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Cooking dinner in a pressure cooker in a modern kitchen.

An Illinois woman claims that the Presto Stovetop Pressure Cooker is defective. She filed a new pressure cooker lawsuit against manufacturer National Presto Industries, Inc. on May 6, 2022. The case is pending in the U.S. District Court for the Western District of Wisconsin.

Plaintiff Claims Pressure Cooker Manufacturer Made Misleading Statements

According to her complaint, the plaintiff was using her Presto pressure cooker on June 5, 2020. She was able to open it while it was still under pressure. This allowed the scalding hot contents to be forcefully ejected onto her. She suffered serious and substantial burn injuries as a result.

She states that the incident occurred because the supposed “built-in safety features” that the manufacturer said would keep consumers safe failed to operate as expected. One of those is the Cover Lock Indicator, which is supposed to “show at a glance if there’s pressure inside the cooker.” Another is the Pressure Regulator, which is supposed to maintain the proper cooking pressure automatically.

Despite these features, the plaintiff was able to remove the lid even when there was still pressure in the cooker. She says that the manufacturer knew this could happen, and failed to warn consumers of the danger.

Other Pressure Cooker Lawsuits Raise Similar Allegations

This case raises allegations similar to those made in other cases concerning the safety of various pressure cookers, including the Crock-Pot, Instant Pot, Ninja Cooker, and more. While manufacturers tout their safety features and assure consumers that the cookers are safe to use, plaintiffs say that these statements are flat-out wrong.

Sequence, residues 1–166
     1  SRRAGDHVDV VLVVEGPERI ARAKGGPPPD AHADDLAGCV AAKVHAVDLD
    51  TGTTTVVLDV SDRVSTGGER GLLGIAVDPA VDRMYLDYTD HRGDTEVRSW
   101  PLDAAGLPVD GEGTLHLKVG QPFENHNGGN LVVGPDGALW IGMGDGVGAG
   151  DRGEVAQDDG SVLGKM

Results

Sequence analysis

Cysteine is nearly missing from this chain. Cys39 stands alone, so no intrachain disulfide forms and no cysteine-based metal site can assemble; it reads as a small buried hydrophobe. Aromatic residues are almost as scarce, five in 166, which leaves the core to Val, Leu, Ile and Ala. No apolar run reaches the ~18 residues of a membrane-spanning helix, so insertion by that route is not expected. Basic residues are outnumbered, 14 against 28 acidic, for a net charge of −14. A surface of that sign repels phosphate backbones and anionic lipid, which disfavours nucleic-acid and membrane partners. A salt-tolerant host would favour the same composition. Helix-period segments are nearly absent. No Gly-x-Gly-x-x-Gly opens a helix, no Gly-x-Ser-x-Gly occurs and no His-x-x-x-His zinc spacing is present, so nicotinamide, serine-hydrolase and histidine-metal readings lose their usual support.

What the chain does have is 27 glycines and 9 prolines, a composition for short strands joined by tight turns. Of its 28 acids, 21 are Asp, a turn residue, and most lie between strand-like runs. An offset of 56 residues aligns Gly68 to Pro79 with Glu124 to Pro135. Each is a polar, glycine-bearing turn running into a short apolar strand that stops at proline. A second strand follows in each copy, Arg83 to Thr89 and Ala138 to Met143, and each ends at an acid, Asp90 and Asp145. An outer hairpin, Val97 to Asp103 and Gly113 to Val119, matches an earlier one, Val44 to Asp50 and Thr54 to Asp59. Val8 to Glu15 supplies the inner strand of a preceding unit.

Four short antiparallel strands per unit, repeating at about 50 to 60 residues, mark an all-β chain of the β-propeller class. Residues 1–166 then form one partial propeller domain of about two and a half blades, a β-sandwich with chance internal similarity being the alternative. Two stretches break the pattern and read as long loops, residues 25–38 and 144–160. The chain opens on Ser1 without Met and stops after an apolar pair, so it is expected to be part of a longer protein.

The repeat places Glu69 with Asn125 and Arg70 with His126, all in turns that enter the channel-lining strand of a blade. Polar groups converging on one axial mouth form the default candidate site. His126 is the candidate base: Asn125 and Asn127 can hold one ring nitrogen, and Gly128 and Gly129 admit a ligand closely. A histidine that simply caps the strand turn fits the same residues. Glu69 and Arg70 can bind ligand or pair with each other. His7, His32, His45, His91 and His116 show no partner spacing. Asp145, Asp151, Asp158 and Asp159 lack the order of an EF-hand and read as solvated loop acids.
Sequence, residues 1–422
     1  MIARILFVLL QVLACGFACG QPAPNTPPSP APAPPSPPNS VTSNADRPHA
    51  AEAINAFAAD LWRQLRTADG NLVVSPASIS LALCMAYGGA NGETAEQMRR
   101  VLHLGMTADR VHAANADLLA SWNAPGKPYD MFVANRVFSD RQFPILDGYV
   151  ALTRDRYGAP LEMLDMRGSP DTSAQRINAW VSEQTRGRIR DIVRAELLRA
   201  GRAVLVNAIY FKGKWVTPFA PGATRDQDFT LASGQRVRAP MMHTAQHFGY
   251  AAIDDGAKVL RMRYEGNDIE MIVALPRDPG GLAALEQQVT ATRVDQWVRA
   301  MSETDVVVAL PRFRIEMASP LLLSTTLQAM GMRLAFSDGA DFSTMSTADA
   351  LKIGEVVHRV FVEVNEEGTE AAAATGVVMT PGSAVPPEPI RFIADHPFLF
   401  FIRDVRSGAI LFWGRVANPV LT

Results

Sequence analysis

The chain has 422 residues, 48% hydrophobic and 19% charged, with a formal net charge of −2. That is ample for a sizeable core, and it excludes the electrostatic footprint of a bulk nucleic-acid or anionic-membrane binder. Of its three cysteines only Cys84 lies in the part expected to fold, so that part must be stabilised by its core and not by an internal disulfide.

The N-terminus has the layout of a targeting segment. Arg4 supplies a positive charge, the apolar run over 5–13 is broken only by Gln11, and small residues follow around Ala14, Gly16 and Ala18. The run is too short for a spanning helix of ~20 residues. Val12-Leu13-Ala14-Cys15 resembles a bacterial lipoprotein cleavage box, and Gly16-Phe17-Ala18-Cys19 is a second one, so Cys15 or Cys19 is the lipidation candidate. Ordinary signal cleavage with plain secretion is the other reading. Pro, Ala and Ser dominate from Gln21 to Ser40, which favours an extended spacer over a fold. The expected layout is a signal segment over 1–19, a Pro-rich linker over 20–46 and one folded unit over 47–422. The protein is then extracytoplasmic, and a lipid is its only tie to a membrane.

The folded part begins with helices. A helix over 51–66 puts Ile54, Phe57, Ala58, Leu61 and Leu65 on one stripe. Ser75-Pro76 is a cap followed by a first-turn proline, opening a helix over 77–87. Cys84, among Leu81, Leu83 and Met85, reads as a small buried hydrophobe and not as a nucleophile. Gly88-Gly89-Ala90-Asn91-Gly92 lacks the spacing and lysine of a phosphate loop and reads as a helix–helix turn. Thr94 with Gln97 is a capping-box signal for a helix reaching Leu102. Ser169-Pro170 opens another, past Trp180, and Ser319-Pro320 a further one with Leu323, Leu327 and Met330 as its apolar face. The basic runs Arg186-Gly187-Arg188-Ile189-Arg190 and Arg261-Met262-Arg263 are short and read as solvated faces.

In a similar pressure cooker lawsuit filed in April 2022, for instance, a Florida man claims that the Bene Casa Pressure Cooker is defective. He was using it on March 3, 2022, to make black beans when it exploded, propelling hot liquid onto his face, eyes, and torso. He required immediate medical care and has had to undergo multiple surgeries.

Like the plaintiff in the case above, this plaintiff claims that the manufacturer failed to provide adequate warnings about the dangers associated with the cooker. There was no warning on the product that it could explode, potentially causing severe injuries or even death.

Pressure Cookers Appear Not To Be As Safe as Advertised

In almost every one of these cases, it’s the inability of the pressure cooker to resist opening when under pressure that is at issue. All of the pressure cookers named in these lawsuits were advertised as being safe, with safety features that were supposed to keep the lid closed until all the pressure was properly dissipated.

Yet over and over again, these features don’t work as advertised. Consumers can open the lids while the pots are still under pressure. In some cases, the lid locks don’t work properly. In others, there is no indication at the pot is still under pressure.

These cookers are popular because they offer families a fast and convenient way to cook tasty, nutritious meals. Nevertheless, a rising number of severe and debilitating injuries that have been reported.

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